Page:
NOAA Teacher at Sea
Onboard NOAA Ship Oscar Elton Sette
June 5 – July 4, 2006
Mission: Lobster Survey
Geographical Area: Central Pacific Ocean, Hawaii
Date: June 16, 2006
Science and Technology Log
There is talk today that the President has made the Northwest Hawaiian Islands (NWHI) a national monument, whatever that means. Bob informed me this morning and I am inclined to think he is the resident expert on the matter since he has the most riding on the line (i.e., his job is on the line). From my understanding, the NWHI would become like Rocky Mountain National Park or Yosemite National Park, and would be completely off limits to commercial fishing. This would have a HUGE impact on the fishing industry out here, since many companies are awaiting Bob’s findings about whether or not the NWHI can sustain commercial lobster fishing or not.
Regardless of the rumor, we continued work today as normal. So did the trade winds. So too did the swells. I was in a great position as a stacker to watch my fellow scientists cracking the traps against the threat of one breaking wave after another. At one point I thought we would lose Aris, the little one, to a swell that must have been about 15-20 feet from trough to crest. I was relieved to see that he was still cracking away after the water had subsided, and could only laugh at the great luck I had not to be a cracker today! (That said, I think I can sense my waxen wings beginning to melt.)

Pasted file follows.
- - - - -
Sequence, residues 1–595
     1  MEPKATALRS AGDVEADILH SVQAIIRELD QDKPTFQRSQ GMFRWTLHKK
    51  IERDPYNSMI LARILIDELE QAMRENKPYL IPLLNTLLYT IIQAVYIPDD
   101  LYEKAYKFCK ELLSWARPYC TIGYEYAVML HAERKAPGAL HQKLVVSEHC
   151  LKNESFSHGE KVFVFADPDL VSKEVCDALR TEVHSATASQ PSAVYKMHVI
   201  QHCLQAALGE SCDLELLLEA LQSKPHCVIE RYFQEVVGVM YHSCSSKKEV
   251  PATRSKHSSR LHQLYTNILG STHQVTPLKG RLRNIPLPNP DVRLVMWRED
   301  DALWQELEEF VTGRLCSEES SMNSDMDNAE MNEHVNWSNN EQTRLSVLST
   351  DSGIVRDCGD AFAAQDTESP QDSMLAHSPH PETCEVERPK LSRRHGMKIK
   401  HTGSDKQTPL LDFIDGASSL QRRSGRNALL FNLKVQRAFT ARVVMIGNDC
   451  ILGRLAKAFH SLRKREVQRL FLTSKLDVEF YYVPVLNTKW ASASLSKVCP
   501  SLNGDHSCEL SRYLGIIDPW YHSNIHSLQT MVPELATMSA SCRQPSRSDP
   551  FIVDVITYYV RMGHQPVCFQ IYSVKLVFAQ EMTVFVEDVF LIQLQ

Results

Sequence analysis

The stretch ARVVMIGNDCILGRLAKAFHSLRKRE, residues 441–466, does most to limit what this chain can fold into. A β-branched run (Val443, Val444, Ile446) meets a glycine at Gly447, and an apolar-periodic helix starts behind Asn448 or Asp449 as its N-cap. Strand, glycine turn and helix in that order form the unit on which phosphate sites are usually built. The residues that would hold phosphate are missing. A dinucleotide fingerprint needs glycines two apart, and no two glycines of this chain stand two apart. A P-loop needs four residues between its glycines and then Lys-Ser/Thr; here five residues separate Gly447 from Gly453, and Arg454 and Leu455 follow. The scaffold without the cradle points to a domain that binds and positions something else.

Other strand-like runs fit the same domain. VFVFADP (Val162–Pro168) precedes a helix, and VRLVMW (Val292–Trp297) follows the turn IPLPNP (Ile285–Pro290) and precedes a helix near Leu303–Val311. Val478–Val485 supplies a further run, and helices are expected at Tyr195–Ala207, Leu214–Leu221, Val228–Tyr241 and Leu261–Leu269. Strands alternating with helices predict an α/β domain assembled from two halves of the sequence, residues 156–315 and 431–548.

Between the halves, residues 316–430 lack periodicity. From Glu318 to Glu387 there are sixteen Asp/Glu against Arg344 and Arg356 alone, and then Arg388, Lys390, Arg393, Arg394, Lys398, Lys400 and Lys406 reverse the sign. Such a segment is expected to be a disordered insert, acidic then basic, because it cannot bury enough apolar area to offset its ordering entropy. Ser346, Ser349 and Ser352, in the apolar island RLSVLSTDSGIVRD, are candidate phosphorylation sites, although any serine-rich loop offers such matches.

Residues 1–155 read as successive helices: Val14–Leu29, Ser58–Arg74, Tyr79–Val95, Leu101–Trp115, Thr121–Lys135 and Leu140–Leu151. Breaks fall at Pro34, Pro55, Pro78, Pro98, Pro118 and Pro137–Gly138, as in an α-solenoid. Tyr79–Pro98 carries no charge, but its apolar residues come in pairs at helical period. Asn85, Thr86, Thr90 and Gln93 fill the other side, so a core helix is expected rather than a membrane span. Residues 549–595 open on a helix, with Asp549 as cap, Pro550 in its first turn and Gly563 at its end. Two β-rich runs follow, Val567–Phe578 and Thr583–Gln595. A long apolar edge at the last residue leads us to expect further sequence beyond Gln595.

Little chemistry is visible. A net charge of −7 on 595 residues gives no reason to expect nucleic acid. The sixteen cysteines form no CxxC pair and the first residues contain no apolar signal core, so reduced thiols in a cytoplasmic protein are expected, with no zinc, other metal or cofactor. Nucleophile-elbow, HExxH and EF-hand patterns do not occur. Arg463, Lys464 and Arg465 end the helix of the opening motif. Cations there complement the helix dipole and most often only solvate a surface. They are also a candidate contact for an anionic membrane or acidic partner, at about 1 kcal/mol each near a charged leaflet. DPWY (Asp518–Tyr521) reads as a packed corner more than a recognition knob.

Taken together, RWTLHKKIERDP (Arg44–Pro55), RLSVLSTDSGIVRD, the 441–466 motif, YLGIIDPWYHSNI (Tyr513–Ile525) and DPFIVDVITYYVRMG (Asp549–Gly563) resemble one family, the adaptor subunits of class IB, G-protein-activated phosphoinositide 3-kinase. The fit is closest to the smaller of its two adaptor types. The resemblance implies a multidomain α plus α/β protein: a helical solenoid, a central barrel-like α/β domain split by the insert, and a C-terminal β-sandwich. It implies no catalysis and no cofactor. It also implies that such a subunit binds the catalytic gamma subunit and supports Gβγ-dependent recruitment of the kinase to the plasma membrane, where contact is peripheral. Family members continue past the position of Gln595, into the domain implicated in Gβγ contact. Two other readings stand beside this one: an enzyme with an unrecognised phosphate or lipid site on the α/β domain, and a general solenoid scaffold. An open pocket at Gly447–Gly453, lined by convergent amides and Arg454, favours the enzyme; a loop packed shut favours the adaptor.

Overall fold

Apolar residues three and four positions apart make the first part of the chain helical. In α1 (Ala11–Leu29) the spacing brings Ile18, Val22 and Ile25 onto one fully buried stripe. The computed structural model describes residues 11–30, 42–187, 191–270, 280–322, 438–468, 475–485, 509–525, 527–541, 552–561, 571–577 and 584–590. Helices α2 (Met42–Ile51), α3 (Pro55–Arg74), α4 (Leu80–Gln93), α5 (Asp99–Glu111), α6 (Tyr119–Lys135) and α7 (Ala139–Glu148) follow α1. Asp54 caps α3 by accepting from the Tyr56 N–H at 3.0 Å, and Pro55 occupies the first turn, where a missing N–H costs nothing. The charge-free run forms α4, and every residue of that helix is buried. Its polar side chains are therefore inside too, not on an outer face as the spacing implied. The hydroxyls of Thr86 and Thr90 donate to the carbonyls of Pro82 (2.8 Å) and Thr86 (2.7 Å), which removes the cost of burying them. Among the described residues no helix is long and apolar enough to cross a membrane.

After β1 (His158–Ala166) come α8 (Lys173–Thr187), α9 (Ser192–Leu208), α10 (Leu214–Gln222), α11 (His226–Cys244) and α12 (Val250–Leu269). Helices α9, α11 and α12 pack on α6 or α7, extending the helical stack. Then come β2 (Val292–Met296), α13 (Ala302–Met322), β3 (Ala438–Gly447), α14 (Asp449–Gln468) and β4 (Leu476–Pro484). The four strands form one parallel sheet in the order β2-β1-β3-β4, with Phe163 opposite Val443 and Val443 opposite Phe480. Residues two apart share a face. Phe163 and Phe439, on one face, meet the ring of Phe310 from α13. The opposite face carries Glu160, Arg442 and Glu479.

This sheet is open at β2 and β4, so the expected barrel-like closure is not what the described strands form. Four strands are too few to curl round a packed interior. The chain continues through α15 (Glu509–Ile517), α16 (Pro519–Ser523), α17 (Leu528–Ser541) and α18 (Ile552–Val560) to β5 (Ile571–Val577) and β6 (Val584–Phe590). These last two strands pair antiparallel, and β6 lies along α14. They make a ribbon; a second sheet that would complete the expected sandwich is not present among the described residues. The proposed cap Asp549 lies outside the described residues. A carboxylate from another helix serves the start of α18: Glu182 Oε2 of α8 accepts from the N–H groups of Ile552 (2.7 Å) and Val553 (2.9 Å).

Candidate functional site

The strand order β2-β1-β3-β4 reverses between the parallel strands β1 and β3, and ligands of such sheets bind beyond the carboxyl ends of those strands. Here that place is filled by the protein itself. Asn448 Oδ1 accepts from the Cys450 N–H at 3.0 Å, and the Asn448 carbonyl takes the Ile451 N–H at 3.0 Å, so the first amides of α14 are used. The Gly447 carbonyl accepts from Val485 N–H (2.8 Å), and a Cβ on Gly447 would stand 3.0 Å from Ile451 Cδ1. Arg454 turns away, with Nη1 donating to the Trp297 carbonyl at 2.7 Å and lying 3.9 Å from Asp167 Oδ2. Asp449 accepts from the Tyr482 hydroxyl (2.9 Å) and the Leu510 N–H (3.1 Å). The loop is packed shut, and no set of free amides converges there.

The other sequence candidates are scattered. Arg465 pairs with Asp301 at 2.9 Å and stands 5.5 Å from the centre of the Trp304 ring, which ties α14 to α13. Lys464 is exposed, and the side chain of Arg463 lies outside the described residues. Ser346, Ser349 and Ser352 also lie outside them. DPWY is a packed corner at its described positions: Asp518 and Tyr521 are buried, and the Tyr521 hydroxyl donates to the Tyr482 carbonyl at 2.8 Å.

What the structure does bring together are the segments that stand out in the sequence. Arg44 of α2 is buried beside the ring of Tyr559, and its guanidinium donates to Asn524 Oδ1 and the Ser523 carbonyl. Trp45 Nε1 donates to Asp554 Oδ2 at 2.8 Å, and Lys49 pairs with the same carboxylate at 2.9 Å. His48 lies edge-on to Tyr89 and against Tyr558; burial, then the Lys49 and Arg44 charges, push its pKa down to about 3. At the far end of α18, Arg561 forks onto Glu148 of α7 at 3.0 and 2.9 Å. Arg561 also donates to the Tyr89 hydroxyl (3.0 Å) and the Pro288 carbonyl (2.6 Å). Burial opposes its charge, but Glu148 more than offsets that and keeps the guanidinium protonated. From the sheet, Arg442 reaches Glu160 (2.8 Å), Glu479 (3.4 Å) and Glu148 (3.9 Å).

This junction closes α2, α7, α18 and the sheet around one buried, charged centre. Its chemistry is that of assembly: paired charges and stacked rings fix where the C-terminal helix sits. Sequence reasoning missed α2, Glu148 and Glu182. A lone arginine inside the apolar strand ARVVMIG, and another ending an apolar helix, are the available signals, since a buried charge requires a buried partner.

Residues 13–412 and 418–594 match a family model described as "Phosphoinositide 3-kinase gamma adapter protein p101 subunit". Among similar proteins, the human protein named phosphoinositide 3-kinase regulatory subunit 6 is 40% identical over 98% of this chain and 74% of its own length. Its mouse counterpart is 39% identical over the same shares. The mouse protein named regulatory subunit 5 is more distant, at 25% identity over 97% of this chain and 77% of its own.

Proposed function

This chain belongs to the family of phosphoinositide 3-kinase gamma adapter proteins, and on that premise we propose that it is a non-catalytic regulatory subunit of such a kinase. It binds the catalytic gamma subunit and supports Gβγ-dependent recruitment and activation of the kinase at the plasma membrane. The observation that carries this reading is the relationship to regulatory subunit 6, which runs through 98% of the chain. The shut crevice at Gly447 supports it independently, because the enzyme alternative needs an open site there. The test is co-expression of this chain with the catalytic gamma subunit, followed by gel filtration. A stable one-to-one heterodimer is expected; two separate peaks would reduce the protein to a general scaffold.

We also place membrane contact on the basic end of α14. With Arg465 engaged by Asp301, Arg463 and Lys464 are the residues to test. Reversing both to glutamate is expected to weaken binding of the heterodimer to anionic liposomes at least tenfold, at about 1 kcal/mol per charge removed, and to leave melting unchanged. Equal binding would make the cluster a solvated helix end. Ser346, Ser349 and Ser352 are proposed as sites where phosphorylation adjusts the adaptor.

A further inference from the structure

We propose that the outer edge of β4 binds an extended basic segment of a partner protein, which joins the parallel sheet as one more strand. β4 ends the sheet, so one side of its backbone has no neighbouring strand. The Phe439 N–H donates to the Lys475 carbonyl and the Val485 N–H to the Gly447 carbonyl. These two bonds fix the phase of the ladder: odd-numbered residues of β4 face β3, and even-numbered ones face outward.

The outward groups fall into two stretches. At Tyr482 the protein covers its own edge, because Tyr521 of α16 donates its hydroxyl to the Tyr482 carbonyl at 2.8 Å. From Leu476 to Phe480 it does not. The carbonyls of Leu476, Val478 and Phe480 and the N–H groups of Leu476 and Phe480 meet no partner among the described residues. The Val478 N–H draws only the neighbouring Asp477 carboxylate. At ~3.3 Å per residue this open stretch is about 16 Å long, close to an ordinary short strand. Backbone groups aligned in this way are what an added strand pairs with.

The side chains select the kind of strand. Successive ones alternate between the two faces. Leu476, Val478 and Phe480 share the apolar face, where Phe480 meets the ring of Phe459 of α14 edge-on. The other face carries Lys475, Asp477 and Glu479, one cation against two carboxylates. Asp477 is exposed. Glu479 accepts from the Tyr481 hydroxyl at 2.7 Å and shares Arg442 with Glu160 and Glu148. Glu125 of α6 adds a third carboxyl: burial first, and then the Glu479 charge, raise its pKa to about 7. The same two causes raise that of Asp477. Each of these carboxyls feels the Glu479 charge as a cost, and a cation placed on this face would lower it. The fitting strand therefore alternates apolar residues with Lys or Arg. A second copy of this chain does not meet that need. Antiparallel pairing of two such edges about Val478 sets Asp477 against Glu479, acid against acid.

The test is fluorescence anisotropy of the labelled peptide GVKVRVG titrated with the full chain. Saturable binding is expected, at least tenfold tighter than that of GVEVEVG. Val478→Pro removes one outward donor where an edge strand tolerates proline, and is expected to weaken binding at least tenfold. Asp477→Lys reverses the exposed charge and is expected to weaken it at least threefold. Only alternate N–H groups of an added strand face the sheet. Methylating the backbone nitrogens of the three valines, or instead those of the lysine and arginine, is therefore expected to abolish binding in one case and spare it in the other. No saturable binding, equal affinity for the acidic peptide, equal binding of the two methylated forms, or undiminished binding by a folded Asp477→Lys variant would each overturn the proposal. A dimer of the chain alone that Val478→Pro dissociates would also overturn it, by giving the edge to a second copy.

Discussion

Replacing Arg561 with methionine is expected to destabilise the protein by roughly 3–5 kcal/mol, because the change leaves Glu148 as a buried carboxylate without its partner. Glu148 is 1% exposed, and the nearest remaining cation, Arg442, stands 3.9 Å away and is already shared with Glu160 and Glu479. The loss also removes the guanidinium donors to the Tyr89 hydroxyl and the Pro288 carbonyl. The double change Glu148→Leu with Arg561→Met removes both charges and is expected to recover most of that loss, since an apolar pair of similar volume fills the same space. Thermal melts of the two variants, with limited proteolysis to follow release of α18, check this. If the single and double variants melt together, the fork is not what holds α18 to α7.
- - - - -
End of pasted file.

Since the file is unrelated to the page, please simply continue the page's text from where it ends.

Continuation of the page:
We finished late again today. And other than fighting the rough seas, nothing much happened. I have taken to watching the swells- as my old man taught me- but from the surfer’s point of view instead of the scientist’s point of view. I anticipate great waves in the distance while everyone else is “ooo-ing” and “awww-ing” at the ones near the ship. And it is always these distant waves that turn out to be trouble. I see the swells in sets, unpredictable of when, except that I know that they will come. And when I see a large face of a wave, I think to myself, its time to start paddling or else I’m going to miss it. But I catch myself, sadly, when I remember that I am on a ship in the middle of the Pacific Ocean where I would not have a chance of catching a wave anyway–there is no bottom for the swells to catch. One hope for me is that someone will catch the waves, when they touch ground and build into beautiful things. Some surfer on the North Shore is doing exactly what I am doing, watching the set and waiting, because the swells I see today will be the surf he rides tomorrow.